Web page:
Rebels with a cause rattle Abbott’s plans
The Supreme Court today backed a grassroots rebellion against the organisational chiefs of the NSW Liberal Party and rattled Tony Abbott’s election planning in the state.
The judgement has the potential to delay the selection of candidates in eight seats, including the marginal western Sydney seat of Greenway now held by Labor.
And the election of a new state Liberal president could be put off for as much as six weeks, further disrupting poll preparation, should talks tomorrow not reach agreement..
The rebels want a plebescite of local members in seats to decide who will stand for the Liberals at the election scheduled for late next year. They are fighting the imposition of candidates by the organisation.
But the party executive would not even put the plebescite proposition on the agenda of the branch’s annual general meeting on Saturday. So the rebels, from the central coast seat of Robertson and backed by the right wing of the party, went to court.
And in what right faction observers see as a rebuke, Supreme Court Judge William Nicholas told the party’s state executive it was not the gatekeeper blocking matters for discussion.
“The state executive is not empowered to act as what has been referred to as a gatekeeper in exercising a discretion as to whether or not the proposition should be put to the state council,” Justice Nicholas said.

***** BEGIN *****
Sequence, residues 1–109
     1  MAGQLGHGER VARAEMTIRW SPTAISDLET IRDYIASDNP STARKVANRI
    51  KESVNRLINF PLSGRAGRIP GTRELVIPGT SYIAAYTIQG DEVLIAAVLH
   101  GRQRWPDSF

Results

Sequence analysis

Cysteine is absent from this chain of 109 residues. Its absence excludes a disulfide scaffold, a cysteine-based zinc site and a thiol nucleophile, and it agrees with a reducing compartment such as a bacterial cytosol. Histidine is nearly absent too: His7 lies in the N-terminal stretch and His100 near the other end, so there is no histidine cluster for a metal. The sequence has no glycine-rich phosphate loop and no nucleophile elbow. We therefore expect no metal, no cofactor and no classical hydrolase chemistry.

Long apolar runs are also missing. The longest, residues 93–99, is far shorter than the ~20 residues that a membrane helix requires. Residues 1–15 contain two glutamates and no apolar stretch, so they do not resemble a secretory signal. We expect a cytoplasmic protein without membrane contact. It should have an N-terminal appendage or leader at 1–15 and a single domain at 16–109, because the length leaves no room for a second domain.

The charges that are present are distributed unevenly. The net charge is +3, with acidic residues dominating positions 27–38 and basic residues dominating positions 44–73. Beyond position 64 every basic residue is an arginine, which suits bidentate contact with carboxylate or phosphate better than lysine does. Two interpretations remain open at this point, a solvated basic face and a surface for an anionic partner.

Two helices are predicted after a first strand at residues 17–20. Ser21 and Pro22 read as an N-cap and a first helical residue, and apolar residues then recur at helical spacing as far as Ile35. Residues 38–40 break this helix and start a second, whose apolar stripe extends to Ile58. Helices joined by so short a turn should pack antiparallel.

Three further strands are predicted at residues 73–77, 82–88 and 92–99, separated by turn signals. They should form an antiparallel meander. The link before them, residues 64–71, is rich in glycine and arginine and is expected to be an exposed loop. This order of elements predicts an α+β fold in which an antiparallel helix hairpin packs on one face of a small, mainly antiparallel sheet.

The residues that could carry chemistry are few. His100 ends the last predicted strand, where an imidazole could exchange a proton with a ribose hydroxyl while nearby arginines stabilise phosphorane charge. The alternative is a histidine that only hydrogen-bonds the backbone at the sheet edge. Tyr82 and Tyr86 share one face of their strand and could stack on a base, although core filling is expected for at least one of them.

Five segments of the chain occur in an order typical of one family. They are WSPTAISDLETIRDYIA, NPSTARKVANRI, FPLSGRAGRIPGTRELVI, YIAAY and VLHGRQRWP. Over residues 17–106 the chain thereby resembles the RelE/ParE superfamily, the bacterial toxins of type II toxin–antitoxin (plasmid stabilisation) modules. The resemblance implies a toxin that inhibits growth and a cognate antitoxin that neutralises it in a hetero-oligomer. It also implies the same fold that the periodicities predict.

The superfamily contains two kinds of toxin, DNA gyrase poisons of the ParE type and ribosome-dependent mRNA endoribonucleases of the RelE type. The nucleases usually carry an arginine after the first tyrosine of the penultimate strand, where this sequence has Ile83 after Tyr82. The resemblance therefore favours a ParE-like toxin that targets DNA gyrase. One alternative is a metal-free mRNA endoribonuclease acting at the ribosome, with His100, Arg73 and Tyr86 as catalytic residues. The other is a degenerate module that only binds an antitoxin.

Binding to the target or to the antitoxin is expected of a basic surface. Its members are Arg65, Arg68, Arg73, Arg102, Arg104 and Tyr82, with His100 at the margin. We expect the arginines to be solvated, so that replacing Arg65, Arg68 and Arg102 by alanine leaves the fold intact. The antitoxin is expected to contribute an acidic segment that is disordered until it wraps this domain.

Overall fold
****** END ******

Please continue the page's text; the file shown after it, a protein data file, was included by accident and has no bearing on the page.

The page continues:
This is being interpreted as part of the judge’s appeal for the parties to discuss the matter and sort it out themselves.
There are Liberal fears that the factional fight over preselection powers will repeat the shambles of 2010.
A factional brawl delayed selections of candidates before the election that year and some were only approved a few weeks before the election itself.
And the intensity of the factional fight should not be underestimated.
In mid-August a senior NSW Liberal figure telephoned Mr Abbott and warned that if he backed the reform bid “there will be World War III”. And the Opposition Leader made clear to colleagues he did not want any disruption.
The court decision effectively calls on the party executive to put three plebescite-related propositions on the state council’s AGM set for Saturday.
The AGM is expected to go ahead.
Earlier this week before the judgement Liberal NSW director Mark Neeham said the AGM, where the new branch president was to be selected, will go ahead.
“As many of you would know, the party has been sued in the NSW Supreme Court,” Mr Neeham said in an email to party members.
“The plaintiff is seeking, amongst other orders, an order that the state council set down for this weekend not proceed.
“The purpose of this Libmail is to assure members that these proceedings will be strongly opposed by the party and that, unless you hear otherwise from LCHQ, all state council delegates must therefore assume that this weekend’s state council AGM will go ahead as planned.”
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